Media: It’s not paradise but it is home

10 05 2010

Athlone families turned a disused changeroom into a place to live, now it’s going to be paved for a parking lot. Report by Raymond Joseph, pictures by Fanie Jason


Photo: INLSA

May 09, 2010 Edition 1 – Weekend Argus

Six families who have been living in a derelict sports changeroom at one of Cape Town’s World Cup training venues for up to 11 years, are facing eviction to make space for parking.

Athlone Stadium, next to one of Cape Town’s poorest and roughest suburbs, has undergone a R406 million upgrade to bring it up to Fifa standards, including a brand-new pitch, three new grandstands, VIP suites and improved player facilities.

The Cape Town council, which owns the property, wants to demolish the changeroom to extend the stadium’s parking area in time for next month’s kick-off – and has gone to court to have the tenants removed after they ignored eviction orders served against them. The Wynberg Magistrate’s Court will rule on the fate of the families tomorrow.

Work on the parking area is at an advanced stage, except in the corner where the changeroom is, along with a small semi-detached house, the tenants of which have been moved to other homes.

But the changeroom residents say that they have nowhere to go and will be forced to put up shacks or tents in the area if they are evicted.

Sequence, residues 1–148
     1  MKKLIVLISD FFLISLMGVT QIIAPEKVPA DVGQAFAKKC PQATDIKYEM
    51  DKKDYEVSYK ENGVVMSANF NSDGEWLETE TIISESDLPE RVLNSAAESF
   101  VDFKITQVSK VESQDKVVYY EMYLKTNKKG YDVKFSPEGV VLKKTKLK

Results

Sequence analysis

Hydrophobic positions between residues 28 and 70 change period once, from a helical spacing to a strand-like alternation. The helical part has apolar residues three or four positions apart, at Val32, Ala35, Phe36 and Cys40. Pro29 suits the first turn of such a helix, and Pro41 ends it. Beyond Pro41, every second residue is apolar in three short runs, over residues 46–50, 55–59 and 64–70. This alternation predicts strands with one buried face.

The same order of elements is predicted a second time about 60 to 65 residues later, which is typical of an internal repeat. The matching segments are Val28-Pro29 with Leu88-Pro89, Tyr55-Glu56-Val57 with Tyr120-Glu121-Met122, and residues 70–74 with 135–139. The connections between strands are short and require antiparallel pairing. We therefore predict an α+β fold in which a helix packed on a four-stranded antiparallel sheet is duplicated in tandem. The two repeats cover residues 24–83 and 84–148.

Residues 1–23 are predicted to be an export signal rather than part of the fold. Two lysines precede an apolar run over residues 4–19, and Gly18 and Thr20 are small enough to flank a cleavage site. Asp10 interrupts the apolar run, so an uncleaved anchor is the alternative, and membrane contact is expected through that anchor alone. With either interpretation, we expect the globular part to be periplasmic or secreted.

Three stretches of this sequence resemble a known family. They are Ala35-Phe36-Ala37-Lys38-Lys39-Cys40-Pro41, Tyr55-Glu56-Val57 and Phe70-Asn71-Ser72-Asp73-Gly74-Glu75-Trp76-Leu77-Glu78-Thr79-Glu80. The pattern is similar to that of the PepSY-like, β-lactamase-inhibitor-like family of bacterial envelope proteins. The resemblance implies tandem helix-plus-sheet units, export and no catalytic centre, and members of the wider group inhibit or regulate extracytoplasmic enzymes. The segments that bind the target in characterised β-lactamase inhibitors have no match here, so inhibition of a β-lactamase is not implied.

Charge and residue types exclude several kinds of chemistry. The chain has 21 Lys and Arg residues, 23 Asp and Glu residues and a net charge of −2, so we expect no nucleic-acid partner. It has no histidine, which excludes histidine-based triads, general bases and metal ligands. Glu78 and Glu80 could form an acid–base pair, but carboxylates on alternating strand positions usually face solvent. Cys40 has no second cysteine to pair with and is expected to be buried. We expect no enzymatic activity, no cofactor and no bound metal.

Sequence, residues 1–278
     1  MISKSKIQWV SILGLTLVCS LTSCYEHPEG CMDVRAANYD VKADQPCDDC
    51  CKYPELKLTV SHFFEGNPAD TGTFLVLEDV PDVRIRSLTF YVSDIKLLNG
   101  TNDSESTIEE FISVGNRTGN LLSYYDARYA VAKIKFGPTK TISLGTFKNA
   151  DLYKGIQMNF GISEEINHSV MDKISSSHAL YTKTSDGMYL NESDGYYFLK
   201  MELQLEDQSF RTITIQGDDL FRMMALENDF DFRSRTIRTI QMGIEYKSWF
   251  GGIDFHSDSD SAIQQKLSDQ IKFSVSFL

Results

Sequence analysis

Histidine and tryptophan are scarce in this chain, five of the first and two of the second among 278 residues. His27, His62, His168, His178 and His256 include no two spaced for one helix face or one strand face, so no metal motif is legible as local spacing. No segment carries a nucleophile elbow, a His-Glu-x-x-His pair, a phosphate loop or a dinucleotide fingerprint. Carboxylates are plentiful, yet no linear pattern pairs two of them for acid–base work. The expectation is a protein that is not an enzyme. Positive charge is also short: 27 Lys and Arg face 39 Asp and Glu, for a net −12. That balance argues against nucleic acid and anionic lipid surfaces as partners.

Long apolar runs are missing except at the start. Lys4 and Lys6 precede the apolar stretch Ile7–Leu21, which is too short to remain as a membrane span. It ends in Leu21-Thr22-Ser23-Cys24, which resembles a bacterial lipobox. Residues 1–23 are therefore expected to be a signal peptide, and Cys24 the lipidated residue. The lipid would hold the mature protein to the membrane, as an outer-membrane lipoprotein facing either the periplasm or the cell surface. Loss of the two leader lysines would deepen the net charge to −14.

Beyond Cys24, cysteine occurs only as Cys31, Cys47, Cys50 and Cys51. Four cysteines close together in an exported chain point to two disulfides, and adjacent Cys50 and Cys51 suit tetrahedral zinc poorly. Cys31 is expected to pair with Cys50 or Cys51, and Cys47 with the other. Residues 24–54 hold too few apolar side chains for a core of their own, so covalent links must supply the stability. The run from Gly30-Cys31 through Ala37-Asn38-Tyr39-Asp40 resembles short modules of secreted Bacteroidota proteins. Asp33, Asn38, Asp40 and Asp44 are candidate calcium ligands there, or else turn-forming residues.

“If they throw me out I will set up a tent over there,” said Llewellyn Wilters, pointing to a nearby open field. “We were all born in this area. We went to school here, we know the people, and we have nowhere else to go.”

Wilters said he had “cried with joy” when he first heard that South Africa had been awarded the World Cup. “And I was overjoyed when I heard that Athlone would feature as part of it all. I thought it would bring good things for all of us in this area, which is desperately in need of development.

“Now I’m crying again. I’m going to lose my home because of the World Cup, and what makes it worse is that we are being told that we must move for a parking lot.”

The changeroom, on the edge of the stadium area, is home to 24 people, more than half children.

The occupants have divided it into six tiny cement-floored rooms, one for each family. They all share two toilets and two taps. They have had no electricity since the council cut off the power two years ago.

Another person facing eviction is Alwyn Abrahams, who lives with his wife, Cindy, and their two young children, in a tiny concrete-floored space not much bigger than a prison cell.

Abrahams, who served on a committee set up to help advise the council when the upgrade was first mooted a couple of years ago, said he rejoiced when he heard that Athlone would be part of the World Cup.

“Now suddenly the World Cup is almost here and they say they need this space for parking. We fixed the place up; we made it clean and habitable and sectioned it off so people with nowhere to stay could make a home for their families.

“I am unemployed, my wife is unemployed, and we have two kids. Now we are losing our homes for the World Cup and this isn’t even a venue where matches will be played, it’s just going to be used by teams to practise.”